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Beyond the Bale : December 2017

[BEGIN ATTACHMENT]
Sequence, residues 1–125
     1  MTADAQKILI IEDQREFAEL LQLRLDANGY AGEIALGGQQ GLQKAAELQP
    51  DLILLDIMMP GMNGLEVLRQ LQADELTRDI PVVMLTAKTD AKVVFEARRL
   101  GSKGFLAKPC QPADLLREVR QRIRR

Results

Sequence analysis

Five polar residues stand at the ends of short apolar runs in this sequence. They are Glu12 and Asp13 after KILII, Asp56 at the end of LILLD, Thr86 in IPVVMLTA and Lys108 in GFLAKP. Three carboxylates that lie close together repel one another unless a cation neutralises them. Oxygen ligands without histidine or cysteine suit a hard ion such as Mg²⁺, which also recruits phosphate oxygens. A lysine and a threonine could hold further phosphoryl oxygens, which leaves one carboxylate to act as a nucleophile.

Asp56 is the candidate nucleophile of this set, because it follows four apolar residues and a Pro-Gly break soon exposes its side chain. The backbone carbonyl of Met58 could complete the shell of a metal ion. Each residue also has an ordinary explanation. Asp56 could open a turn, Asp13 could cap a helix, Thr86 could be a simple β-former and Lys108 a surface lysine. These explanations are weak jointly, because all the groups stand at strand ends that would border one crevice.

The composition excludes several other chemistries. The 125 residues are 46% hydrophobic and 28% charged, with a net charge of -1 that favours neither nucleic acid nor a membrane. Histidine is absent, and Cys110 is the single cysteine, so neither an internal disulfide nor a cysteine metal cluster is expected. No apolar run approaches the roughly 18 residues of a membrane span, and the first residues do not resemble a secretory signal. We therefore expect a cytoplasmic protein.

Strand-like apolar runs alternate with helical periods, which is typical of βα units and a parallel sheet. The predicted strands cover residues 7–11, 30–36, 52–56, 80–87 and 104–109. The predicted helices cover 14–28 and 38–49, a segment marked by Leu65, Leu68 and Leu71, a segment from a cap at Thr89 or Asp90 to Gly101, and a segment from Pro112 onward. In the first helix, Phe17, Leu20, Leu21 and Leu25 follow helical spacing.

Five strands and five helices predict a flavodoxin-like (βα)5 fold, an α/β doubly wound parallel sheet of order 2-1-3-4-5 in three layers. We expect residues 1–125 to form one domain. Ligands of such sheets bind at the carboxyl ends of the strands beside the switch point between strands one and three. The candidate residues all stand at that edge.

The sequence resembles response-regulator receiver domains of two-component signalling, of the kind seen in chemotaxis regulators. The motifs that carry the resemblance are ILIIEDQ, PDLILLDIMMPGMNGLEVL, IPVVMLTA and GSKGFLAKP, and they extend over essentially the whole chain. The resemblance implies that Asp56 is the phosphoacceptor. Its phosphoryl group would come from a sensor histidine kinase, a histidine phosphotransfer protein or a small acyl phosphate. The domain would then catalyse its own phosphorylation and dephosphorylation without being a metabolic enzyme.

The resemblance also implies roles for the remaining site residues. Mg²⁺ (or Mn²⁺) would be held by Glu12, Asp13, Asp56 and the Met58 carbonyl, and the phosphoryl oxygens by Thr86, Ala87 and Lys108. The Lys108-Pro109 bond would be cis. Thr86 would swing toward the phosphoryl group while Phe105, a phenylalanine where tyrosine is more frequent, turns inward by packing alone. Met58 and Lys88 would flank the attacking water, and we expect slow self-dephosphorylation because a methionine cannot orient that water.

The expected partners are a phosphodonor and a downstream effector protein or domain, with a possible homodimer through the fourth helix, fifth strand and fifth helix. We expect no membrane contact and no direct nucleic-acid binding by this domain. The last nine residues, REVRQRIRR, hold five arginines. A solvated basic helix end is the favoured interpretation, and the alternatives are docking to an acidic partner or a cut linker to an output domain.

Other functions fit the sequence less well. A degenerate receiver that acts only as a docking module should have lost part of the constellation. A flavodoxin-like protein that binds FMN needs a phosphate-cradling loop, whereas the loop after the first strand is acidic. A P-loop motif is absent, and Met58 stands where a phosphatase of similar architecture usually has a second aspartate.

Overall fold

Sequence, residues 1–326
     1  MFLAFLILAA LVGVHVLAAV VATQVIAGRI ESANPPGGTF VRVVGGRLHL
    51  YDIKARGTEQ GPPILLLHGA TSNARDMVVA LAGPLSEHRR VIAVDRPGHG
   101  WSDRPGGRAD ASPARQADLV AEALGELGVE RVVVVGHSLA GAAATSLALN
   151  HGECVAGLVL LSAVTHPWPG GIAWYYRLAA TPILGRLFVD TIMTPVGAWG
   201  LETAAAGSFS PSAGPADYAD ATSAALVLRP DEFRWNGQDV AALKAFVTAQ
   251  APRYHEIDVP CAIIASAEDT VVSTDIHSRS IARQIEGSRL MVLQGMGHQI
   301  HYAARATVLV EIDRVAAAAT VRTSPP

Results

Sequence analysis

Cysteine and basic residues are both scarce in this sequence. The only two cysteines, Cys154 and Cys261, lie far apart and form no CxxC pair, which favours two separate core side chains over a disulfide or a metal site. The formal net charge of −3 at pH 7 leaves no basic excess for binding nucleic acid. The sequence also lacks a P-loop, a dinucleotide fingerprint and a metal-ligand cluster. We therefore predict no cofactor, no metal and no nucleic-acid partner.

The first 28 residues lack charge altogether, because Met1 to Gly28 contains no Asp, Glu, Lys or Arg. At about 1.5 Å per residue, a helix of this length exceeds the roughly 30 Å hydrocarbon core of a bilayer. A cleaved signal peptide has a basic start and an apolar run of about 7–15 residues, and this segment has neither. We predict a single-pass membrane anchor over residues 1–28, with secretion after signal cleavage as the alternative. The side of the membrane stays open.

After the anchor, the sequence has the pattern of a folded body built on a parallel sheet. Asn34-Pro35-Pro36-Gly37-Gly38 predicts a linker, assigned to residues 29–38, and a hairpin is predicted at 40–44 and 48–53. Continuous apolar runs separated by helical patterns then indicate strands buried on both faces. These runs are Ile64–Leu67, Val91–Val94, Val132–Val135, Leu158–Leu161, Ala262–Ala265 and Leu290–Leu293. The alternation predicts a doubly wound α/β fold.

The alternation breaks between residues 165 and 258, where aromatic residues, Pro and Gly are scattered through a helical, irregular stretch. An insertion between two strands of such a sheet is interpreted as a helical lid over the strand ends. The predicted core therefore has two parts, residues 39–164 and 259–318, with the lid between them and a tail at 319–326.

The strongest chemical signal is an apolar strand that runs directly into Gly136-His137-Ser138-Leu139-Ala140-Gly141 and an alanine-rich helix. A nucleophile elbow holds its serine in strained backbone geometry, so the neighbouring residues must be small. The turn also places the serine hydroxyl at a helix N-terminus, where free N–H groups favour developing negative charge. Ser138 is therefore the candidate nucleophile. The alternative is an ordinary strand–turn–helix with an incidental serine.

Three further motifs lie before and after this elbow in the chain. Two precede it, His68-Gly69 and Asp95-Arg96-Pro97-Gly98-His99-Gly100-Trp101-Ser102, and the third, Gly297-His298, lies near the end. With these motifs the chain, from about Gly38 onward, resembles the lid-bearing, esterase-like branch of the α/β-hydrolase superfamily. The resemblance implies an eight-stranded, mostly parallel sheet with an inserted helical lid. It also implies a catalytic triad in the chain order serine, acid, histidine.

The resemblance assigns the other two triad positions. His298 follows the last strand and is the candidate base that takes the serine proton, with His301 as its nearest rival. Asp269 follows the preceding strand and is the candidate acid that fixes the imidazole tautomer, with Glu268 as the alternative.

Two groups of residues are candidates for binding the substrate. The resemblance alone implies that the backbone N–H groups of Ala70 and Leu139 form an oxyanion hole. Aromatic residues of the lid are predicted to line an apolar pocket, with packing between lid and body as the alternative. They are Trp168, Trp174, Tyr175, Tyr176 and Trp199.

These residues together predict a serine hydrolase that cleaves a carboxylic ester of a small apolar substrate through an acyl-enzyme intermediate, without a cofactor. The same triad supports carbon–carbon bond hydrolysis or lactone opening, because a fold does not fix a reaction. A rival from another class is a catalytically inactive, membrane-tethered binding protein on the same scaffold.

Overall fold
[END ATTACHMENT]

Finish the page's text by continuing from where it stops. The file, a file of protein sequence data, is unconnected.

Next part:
Whitehouse Institute of Design. Institute founder Leanne Whitehouse said it was an honour for the Institute to partner with AWI and contribute to the advancement of design in Australia through Wool4School. “Chanelle’s knowledge of Merino wool and her use of Merino innovations in her on-stage design for Kylie Minogue not only demonstrates a strong focus on trend, but she also shows a powerful sense of fashion, combining a measured balance of proportion, texture and colour,” said Ms Whitehouse. “I would also like to extend congratulations to the runner- up Isabella Miller, and highly commend all 2017 Wool4School applicants for the high standard of their very creative entries.” Now in its seventh year, AWI’s Wool4School competition invited students to design an onstage outfit, made from at least 80% Australian Merino wool, for their favourite musician. With more than 13,000 registrations and almost 1,000 final entries, this year’s competition was clearly a hit. While participating students do not have to make their designs, the students illustrate and carefully describe the textiles used in their work. To assist them – and to educate them about wool – the students are provided with access to an extensive wool resource library and free samples of both knitted and woven wool fabric in the classroom. The Year 10 winner, Alice Wang from St George’s High School in NSW will see her design for Australian singer-songwriter Sia become reality with leading Australian designer Jonathan Ward making the garment. Alice described Wool4School as an “eye- opening experience” and was amazed at the versatility of Merino wool. Year 12 winner Chanelle Davenport from Innisfail State College in Queensland has won a scholarship to study at the prestigious Kylie Minogue, Ed Sheeran, Lady Gaga, SIA and Taylor Swift were among the many superstars that Australian school students designed for as part of this year’s Wool4School competition. A small school in Boorowa, NSW, is changing the way city students learn about agriculture, with the Year 6 students taking the lead and showcasing life on the land. STUDENT DESIGNERS HIT RIGHT NOTE WITH WOOL4SCHOOL FROM LITTLE THINGS BIG THINGS GROW Each year, Year 10 agriculture students from PLC Pymble in Sydney travel to the NSW wool-growing town of Boorowa to further their knowledge of rural enterprises. Known as the Boorowa Educational Excursion Program, it aims to help bridge the gap between city and country students. It’s not too often that Year 6 students become the teachers, or that the gap between city and country school students in bridged. Yet that’s exactly what a school in Boorowa, NSW, has been doing for the past 17 years. The Boorowa Educational Excursion Program (BEEP) was initiated in the year 2000 at St Joseph’s Primary School, to foster an awareness and appreciation of local wool and rural enterprises and extend that knowledge to students from city schools. During a three-day excursion, the Year 6 students meet with woolgrowers and other local farmers to learn about on-farm and agricultural issues. “There is so much to find out in a rural area and so many generous people to help answer the questions,” explains BEEP founder and St Joseph’s school teacher Nicky Merriman. “Everyone has a vested interest, it seems, in sharing real knowledge in a real environment to young people in their community. “In Boorowa, more than 30 farmers, graziers, business owners and NGOs each donate about an hour of their time to meet the students on farm, answer questions, show their sheep, examine a fleece, compare plant roots, checkout grapevines, watch cattle being weighed or feel the latest Merino wool fabrics destined for export. Even just being in the bush listening and learning about the role of birds is included in the program.” Each student then selects a topic of interest to them and continues their studies to put together individual presentations. Later in the year, the younger students become the teachers, explaining what they have learned to their city peers who have travelled to Boorowa. During the past 17 years a number of city schools have taken part in the BEEP program, with Year 10 agricultural students from PLC Pymble, Sydney, visiting each year for the past 10 years. 30 OFF FARM